It's no secret: Belize is one of the world's premier destinations for wildlife viewing. Here at Ka'ana, in the country's western jungles, guests have prime access to some of Belize's nearly 600 species of birds. For birders, that's sheer paradise. And the winged creatures are so beautiful, that even visitors who haven't thought much about birds often leave Belize with a newfound passion (especially if they've joined us for our birding adventure).
One of our most beloved birds is the toucan. It's everywhere in Belize, and not just eating the plentiful fruits of the rainforest. As the national bird, it's on the logo for Belize Tourism Board. It's even on the dollar bills! We prefer to see it in the wild, though, and revel in each sighting as it flits from tree to tree.
Another Belize favorite is the endemic yellow-head parrot, a sub-species found nowhere else. With a lime-green body and sunshiney head, it has extraordinary mimicking skills, making it a treat to listen to in the wild. Birders from around the world come here in hopes of spotting this rare bird, whose populations have plummeted in recent decades.
The scarlet macaw is also a must-see for birders. The archetypal red parrot, it has a ruby-red body and bright flashes of yellow and blue on its wings. It's also the largest parrot in the world. The scarlet macaw's numbers have diminished in Central America, although the species is still plentiful in South America. Thankfully, guests at Ka'ana can see large flocks of up to 16 macaws between the months of November and February on our morning bird tour. Our favorite fun fact about this magnificent flyer? It's a true lovebird: always living in pairs.
While the scarlet macaw is the biggest parrot, it pales in size to the jabiru stork. It's the tallest flying bird in Latin America, standing up to a mighty 1.5 meters (5 feet), and stretching its wings up to 2.8 meters (9 feet) across. From November through June, the behemoth is a regular sight in the nearby Crooked Tree Wildlife Sanctuary, home to the healthiest breeding population of jabirus in Central America. They're hard to miss, not just for their size but also their contrasting colors. The birds have a white body and a long black neck with a red band.
On the opposite end of the spectrum are hummingbirds, teeny flyers that zip their way around the jungles. We have nearly 30 species of the little birds in Belize. Their long, thin beaks are perfect for dipping into our tropical flowers for nectar. These miraculous birds spend their winters here, having traveled thousands of miles from the northern reaches of North America.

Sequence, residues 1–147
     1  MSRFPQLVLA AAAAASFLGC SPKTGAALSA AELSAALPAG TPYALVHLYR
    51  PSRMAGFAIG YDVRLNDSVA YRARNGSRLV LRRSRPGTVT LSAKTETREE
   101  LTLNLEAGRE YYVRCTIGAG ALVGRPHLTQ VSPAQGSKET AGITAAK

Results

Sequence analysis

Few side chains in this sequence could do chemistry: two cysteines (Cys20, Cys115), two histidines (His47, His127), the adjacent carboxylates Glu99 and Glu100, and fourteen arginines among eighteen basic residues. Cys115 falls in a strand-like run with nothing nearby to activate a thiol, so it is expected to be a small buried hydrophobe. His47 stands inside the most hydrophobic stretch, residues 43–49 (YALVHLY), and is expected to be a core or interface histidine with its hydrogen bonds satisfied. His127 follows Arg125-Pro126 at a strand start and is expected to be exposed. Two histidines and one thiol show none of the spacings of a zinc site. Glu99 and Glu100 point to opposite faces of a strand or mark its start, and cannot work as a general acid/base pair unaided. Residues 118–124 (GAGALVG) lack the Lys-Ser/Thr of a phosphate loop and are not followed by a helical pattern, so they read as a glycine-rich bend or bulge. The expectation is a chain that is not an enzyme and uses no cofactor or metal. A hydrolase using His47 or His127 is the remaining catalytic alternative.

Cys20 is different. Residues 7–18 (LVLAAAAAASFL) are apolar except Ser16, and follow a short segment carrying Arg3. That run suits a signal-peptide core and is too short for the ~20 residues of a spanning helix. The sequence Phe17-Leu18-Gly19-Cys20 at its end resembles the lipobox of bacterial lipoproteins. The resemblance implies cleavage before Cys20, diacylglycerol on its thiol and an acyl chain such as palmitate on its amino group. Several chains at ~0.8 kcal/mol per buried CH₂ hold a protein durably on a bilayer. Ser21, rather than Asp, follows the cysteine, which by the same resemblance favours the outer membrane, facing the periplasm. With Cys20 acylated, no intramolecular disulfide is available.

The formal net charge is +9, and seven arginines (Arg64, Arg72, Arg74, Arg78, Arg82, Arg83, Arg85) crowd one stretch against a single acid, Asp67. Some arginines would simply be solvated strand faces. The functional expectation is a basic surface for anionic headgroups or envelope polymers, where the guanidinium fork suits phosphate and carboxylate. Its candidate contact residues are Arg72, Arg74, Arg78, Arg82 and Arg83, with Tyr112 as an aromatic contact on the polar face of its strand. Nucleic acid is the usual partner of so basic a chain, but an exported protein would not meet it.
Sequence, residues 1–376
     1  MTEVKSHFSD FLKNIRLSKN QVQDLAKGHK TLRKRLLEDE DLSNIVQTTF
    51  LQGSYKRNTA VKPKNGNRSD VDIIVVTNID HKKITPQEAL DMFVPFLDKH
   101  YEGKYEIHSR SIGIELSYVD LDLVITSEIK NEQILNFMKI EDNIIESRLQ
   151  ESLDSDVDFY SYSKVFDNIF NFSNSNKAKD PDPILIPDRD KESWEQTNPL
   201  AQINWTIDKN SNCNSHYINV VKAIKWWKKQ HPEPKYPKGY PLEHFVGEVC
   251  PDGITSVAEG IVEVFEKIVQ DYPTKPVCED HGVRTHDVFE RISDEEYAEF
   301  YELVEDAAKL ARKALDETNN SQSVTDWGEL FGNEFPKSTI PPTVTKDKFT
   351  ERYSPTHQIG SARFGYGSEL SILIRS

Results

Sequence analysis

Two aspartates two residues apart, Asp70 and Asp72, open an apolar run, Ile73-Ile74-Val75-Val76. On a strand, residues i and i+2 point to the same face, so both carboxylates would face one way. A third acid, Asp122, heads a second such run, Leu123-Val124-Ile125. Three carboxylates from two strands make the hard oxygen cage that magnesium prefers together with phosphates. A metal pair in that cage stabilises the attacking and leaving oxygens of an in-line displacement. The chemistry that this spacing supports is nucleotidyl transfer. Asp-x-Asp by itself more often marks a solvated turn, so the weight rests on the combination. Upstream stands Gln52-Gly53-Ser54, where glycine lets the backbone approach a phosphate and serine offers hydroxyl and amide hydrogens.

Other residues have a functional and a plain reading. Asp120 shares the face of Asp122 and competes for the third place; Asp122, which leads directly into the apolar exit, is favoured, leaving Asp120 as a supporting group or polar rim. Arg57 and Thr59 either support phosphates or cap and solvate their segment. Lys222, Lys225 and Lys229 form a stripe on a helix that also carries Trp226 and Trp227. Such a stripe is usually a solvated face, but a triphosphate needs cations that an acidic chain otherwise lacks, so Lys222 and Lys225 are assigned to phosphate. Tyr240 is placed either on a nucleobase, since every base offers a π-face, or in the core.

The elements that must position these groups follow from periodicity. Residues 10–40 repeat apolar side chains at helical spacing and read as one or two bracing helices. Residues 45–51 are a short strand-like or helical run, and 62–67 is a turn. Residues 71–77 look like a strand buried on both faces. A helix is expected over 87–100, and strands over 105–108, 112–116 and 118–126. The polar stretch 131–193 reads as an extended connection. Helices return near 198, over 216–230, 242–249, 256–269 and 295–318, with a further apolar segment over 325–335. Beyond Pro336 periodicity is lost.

Another favorite sight among birders is the roseate spoonbill. And it's one that we bet a lot of guests will soon spot, seeing that it's featured on the mural of sister property Itz'ana's Rum Room. In the wild, large flocks of these pink wading birds are a feast for the eyes as they dabble in Belize's marshlands. Swaying its wide beak side to side through underwater as it walks, the spoonbill sifts through mud for crustaceans, frogs, newts, and small fish.
The red-footed booby is another seabird that makes landfall in Belize. Feeding in the ocean, it nests on the Lighthouse Reef Atoll as well as in Half Moon Caye National Monument. The reserve, founded in 1928 with the express purpose of acting as a sanctuary for the boobies, is Belize's oldest wildlife preserve. Around 4,000 of the red-footed birds nest at the caye, making their homes and raising their chicks in orange-flowered Ziricote thickets.
And while observation decks provide easy viewpoints for the red-footed boobies, birders have to be more ambitious if they want to see the rare orange-breasted falcon. Only 40 pairs of the predator exist in Central America, scattered in a few areas of Belize and Guatemala, as well as Panama (but not, oddly, anywhere in between). Our birding adventure takes guests to one of only 13 locations in Central America where the endangered falcon lives.
There are hundreds more beautiful, unique and fascinating birds in Belize. Which tops your wish list?